There is increasing recognition of the widespread prevalence of obstructive sleep apnea and the implications of sleep apnea for understanding the pathophysiology of cardiac and vascular disease (1,2). Obstruction of the upper airway during sleep results in striking changes in neural and circulatory measurements. Consequent disturbances in cardiovascular control may persist into the daytime with abnormalities in neural control evident even during normoxic daytime wakefulness. Abnormalities in cardiac and vascular function during sleep and wakefulness in patients with obstructive sleep apnea speak directly to the importance of interactions between respiration and neural circulatory control in these patients.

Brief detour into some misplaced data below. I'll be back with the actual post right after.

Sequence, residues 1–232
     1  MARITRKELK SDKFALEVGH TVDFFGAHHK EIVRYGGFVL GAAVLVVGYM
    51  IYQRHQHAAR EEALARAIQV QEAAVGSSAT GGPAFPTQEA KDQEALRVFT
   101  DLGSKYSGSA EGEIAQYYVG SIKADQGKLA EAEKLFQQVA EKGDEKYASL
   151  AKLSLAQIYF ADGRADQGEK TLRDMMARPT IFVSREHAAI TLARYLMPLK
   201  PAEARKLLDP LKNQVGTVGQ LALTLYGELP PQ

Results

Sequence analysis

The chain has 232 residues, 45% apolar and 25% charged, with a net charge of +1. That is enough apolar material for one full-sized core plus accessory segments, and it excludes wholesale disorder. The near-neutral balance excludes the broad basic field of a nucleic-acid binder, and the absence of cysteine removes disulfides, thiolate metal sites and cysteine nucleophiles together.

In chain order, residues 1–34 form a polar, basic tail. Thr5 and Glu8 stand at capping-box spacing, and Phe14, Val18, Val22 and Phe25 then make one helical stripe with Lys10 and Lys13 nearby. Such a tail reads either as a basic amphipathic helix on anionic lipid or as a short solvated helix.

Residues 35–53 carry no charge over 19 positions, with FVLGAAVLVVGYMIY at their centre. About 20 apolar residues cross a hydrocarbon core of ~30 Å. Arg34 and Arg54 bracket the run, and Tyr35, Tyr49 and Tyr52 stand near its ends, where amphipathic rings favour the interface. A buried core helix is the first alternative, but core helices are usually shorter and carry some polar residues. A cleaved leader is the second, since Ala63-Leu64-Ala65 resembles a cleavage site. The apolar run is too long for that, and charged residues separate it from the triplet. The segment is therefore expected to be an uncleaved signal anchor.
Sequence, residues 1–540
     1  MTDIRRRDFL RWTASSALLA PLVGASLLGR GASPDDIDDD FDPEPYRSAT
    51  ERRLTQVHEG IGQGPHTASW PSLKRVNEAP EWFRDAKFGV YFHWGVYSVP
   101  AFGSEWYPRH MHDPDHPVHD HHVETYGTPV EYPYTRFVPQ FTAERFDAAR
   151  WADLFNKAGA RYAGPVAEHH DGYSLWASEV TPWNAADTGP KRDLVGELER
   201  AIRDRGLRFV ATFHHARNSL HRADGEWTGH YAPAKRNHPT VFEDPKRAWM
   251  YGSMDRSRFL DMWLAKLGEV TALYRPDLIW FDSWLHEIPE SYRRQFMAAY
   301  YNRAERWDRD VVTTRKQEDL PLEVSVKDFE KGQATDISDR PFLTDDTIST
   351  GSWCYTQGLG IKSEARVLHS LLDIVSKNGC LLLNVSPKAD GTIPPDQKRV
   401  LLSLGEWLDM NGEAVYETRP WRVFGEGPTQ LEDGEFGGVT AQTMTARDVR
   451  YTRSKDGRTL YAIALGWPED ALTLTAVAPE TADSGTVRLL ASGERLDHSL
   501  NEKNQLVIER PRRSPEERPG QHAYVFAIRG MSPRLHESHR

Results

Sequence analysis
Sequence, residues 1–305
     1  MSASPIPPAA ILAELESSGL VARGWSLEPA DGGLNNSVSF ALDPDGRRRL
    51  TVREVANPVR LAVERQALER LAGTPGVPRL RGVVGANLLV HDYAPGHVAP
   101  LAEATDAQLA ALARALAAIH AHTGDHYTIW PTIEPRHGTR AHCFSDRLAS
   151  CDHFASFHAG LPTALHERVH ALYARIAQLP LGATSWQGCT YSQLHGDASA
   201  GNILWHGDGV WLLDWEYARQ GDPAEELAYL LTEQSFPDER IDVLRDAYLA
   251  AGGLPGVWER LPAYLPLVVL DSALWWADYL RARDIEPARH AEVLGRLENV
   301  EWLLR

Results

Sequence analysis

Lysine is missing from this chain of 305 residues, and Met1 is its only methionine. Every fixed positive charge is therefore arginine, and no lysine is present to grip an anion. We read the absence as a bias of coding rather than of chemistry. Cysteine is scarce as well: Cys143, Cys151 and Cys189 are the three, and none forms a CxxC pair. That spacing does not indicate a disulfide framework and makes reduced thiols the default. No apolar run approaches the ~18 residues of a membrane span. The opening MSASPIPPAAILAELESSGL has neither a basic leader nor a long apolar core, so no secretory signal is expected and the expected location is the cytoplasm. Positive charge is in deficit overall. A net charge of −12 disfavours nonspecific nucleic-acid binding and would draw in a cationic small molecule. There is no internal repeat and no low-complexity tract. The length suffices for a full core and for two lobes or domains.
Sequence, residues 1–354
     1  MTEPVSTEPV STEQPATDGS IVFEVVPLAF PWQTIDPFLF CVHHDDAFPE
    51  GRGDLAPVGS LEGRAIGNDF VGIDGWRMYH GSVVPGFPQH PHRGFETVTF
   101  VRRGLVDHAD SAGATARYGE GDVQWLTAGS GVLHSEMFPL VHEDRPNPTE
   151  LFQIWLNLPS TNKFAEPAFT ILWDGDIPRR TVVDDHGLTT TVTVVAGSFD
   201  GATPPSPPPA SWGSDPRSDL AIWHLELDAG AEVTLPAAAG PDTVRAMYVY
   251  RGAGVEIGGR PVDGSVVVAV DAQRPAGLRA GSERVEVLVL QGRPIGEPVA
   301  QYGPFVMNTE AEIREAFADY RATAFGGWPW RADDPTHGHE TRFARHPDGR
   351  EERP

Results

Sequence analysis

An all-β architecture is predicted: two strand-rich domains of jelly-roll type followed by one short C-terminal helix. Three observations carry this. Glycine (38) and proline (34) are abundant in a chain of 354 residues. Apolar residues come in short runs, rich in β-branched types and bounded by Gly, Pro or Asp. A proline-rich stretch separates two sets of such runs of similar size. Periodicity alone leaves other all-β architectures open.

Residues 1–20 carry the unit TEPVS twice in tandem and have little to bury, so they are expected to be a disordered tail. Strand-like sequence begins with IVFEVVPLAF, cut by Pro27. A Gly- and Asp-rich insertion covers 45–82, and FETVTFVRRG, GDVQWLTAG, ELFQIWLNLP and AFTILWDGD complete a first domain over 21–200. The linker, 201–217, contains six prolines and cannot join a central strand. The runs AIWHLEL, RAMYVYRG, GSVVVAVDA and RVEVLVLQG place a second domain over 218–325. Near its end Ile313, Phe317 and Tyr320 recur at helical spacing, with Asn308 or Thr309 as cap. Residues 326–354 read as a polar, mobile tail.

|Original language||English (US)|
|Title of host publication||Respiratory-Circulatory Interactions in Health and Disease|
|Number of pages||16|
|State||Published - Jan 1 2001|
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